Marketing, Branding

Shaking and baking old ideas

Author
Marc Davison
No.
101
Date
11/08/07

Landry_sold_card_4

2007 fashions differs from those of 2006.
2007 cars differ from the 2006 models.  

At their core, brands are about constancy. But at
intervals, the successful ones add a twist. They shake up old ideas
and pour new ones like a freshly made martinis. It’s about composition. Look. The way a product acts. The way it
operates. Its feel. And what it says.

Real estate would be so positively rewarded by attending to its
look, its acts, its feel and what it says.  

Shaking and baking ideas.

I recently did this with the Just Sold Postcard in my weekly Inman News column. I began by questioning its relevance – the
first thing you do when evaluating anything that been around that long. I then asked
questions such as:  

  • Is it still as effective as it once was?
  • Can it be more effective?
  • Whose best interest does it serve?
        
  • Is this idea unique to me?  

I thought about the perceived message of the just sold card and
the value of advertising sold prices during a time when home prices are
declining. I thought about the confusion it might create card recipients who  decided to list down the road.

I shook it, cooked it, and came up with a Welcome to the Neighborhood card. Used
by a buyer’s agent, it would introduce something more permanent and more
valuable to the neighborhood – people.  

For one thing, this sort of card is unique and would differentiate me, the agent. As for the potential effectiveness, I would look to
measure how connecting people with people, a practice heavily leveraged on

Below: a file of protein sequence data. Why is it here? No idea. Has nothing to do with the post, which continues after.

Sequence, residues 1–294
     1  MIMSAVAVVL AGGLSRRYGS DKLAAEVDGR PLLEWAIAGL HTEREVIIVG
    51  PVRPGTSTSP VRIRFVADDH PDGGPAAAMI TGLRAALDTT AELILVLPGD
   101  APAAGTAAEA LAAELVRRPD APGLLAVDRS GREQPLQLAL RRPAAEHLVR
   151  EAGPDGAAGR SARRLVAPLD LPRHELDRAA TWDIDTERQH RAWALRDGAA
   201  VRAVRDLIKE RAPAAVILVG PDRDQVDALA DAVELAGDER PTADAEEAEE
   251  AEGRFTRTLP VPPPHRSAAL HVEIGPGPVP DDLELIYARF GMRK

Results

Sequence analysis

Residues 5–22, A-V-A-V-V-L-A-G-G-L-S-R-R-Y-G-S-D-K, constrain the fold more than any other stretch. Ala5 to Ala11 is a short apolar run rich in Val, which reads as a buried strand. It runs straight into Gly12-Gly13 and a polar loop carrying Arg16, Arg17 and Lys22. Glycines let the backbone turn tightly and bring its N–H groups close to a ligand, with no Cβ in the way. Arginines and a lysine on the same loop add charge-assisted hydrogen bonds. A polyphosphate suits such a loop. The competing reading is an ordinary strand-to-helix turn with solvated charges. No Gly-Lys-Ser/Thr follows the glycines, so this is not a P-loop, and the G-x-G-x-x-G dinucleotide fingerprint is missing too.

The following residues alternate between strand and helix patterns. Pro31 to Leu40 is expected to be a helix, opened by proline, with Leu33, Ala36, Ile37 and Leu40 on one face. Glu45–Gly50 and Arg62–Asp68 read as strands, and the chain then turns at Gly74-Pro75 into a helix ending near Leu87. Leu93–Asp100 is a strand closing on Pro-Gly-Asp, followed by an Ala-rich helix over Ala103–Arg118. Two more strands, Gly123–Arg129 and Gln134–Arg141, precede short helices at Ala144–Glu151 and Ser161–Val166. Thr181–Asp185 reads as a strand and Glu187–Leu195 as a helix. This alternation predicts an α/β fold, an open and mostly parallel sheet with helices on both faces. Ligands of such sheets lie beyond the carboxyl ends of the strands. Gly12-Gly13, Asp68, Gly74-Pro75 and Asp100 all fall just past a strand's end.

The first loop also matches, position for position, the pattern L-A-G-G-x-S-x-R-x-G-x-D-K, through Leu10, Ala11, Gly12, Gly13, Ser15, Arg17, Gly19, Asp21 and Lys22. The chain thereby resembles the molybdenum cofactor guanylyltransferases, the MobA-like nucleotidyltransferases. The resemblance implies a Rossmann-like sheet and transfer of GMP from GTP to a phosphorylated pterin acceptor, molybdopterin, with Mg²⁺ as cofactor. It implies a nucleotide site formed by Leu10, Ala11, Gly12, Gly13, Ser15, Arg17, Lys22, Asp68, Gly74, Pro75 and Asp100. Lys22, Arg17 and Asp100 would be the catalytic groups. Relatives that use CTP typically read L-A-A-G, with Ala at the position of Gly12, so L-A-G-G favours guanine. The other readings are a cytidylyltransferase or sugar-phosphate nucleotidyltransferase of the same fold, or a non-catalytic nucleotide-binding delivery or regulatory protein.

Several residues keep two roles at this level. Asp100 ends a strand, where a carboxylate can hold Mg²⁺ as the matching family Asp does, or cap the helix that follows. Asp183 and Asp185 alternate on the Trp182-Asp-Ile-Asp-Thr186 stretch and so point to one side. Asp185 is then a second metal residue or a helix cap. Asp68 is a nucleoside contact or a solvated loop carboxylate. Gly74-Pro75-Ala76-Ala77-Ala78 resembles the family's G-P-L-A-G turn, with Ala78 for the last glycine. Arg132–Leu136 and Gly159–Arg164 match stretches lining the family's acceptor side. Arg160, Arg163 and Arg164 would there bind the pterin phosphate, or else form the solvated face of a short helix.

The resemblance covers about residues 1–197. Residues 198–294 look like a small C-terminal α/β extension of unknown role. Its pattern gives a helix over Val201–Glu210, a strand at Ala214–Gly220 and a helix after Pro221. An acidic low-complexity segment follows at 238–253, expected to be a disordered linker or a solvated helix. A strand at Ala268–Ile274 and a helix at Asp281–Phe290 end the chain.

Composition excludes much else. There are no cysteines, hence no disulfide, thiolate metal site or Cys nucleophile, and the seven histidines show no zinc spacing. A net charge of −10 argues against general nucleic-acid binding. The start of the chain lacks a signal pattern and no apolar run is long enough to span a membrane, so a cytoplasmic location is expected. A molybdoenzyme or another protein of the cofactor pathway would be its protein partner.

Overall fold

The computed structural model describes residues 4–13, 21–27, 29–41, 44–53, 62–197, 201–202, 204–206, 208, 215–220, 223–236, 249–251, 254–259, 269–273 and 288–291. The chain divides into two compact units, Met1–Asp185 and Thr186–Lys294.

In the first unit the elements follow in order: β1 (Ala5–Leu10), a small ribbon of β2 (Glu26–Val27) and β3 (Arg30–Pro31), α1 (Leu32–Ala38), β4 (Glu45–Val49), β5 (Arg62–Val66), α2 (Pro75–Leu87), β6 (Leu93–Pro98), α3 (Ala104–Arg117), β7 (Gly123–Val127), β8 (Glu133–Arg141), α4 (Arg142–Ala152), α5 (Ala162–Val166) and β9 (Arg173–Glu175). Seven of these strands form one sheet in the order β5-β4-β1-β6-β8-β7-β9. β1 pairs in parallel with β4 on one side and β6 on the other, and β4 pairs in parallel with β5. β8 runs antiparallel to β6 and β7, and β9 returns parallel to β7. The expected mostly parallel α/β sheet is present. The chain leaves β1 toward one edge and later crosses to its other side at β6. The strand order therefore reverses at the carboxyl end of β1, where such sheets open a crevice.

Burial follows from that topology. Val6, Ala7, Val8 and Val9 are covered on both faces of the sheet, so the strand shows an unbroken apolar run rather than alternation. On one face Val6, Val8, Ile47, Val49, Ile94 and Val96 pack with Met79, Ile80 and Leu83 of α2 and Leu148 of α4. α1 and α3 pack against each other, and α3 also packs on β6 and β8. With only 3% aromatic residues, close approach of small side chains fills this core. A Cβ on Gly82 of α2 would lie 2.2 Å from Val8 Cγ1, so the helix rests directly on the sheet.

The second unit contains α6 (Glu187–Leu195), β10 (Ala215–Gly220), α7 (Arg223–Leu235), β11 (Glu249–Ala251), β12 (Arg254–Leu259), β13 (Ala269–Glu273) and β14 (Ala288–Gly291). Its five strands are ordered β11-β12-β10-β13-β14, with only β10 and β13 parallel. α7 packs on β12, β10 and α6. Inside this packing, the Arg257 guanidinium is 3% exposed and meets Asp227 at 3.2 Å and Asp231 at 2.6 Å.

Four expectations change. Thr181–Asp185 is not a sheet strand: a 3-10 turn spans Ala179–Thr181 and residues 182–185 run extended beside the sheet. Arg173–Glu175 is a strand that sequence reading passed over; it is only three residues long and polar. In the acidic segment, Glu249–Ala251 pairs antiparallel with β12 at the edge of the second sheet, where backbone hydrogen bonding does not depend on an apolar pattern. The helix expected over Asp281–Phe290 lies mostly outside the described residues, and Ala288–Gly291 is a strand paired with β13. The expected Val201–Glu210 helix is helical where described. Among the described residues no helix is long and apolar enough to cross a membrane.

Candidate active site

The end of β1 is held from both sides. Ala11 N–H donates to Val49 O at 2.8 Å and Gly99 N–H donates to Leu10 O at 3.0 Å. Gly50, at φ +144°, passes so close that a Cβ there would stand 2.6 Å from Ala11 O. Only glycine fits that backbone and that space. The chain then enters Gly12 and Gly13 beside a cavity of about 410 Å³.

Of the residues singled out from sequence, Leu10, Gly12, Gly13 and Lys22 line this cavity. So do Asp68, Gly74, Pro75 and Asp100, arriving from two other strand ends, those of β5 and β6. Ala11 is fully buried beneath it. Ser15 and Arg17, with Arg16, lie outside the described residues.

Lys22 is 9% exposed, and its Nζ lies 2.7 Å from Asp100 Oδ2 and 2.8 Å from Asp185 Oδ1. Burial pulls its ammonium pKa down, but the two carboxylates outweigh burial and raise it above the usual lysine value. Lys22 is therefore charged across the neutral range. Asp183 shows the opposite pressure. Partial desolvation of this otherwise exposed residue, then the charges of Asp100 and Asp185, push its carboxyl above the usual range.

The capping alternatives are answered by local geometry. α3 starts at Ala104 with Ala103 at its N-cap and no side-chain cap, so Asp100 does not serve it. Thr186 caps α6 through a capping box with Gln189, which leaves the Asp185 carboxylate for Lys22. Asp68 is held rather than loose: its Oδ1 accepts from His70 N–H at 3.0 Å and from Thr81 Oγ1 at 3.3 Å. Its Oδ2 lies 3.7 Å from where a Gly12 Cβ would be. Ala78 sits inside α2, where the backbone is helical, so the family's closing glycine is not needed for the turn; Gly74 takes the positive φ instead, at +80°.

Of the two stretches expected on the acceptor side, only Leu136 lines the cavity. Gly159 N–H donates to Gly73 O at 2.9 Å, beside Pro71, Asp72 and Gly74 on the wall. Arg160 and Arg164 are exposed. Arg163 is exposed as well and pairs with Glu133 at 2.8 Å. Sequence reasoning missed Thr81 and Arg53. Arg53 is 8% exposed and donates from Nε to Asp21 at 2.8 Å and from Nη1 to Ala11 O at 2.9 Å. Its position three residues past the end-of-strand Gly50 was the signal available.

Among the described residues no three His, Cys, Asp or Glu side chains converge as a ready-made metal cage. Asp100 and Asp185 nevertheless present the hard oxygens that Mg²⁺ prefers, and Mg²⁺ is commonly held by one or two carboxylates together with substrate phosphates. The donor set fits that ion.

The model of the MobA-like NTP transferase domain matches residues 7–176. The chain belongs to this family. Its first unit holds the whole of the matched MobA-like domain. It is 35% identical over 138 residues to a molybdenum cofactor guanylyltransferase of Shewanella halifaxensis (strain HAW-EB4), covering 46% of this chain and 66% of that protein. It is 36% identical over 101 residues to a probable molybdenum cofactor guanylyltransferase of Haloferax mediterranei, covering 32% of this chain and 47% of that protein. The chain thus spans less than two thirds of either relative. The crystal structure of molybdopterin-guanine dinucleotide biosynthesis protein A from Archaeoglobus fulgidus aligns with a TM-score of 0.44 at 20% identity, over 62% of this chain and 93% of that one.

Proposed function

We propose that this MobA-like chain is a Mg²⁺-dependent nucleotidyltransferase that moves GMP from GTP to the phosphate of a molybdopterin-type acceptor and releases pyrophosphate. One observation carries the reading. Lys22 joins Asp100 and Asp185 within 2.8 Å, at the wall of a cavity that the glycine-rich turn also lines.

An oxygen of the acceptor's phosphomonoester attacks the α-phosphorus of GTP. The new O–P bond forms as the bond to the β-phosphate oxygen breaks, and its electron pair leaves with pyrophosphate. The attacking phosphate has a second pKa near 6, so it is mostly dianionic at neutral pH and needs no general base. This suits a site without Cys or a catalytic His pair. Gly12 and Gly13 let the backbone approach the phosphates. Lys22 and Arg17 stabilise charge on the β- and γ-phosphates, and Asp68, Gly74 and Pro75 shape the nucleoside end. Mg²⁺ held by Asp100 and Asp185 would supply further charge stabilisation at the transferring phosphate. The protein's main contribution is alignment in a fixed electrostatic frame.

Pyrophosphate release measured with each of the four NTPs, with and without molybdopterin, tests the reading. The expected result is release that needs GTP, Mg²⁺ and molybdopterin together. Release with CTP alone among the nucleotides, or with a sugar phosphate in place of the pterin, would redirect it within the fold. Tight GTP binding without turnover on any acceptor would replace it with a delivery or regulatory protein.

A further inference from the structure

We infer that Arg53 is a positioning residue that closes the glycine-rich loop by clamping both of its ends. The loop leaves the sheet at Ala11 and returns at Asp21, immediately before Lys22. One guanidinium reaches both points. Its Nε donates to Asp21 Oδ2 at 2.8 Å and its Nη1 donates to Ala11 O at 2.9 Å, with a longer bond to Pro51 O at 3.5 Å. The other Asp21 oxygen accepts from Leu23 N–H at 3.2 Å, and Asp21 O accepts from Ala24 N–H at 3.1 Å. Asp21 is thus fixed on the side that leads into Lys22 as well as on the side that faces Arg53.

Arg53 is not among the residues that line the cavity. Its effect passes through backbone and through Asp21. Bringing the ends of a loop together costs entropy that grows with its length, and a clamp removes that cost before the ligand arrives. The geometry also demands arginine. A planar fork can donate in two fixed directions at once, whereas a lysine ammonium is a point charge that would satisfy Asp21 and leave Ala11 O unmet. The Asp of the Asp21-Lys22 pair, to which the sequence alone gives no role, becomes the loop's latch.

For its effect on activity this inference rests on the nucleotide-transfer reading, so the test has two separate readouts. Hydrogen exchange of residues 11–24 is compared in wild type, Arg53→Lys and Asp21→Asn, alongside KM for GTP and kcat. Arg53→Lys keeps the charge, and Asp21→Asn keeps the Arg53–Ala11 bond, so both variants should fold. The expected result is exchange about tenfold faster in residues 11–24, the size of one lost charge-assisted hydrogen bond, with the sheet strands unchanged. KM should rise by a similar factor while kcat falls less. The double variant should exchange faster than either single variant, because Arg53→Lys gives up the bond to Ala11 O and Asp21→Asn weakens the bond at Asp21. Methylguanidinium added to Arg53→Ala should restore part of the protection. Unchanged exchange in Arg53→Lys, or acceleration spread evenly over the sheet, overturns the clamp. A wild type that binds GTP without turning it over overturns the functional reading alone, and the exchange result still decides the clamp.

the web right now, might impact my brand.

Is this a legitimate idea? Does it transgress the buyer’s
privacy?

I don’t think so. In reality, the buyer’s agent would work in tandem with the buyer to gain permission and get their assistance in crafting the appropriate
message – something that does not happen with Just Sold cards. While the price is a
matter of public record, having the agent broadcast it through the postal
system and into everyone’s mailbox may seem classless and self-serving. 

Granted, this has been done forever and most people don’t
notice. But that’s all the more reason for someone to shake it and bake it.  

Shaking and baking creates movement. It propels real estate
brands to differentiate themselves. To create a new look, a new sound, and a
new identity. Perhaps the Welcome to Neighborhood idea is flawed but that’s
fine. The goal is too shake up your own ideas. Outdo mine.

What motivates me in brand building is long-term effects. Does my service or my message have a five-minute shelf
life or a 100-year shelf life?  

What is the shelf life of a Just
Sold
card vs. a Welcome to the Neighborhood card?

Here’s what I envisioned. 20 years from now, two inseparable
couples — neighbors — are at a poolside bar in Cancun. The bartender asks how they met. One says, “I opened my mail one day and there was a postcard
from this agent introducing these people who just moved into the neighborhood.
Granted it was 4 blocks away but we had children the same age, and we just
moved into the neighborhood as well and knew no one. I walked over, knocked on
their door and we’ve been friends ever since."

Barkeep orders another round. They toast the agent. Friendship.
Good times.  

Shaking
and baking. More to come.

Davison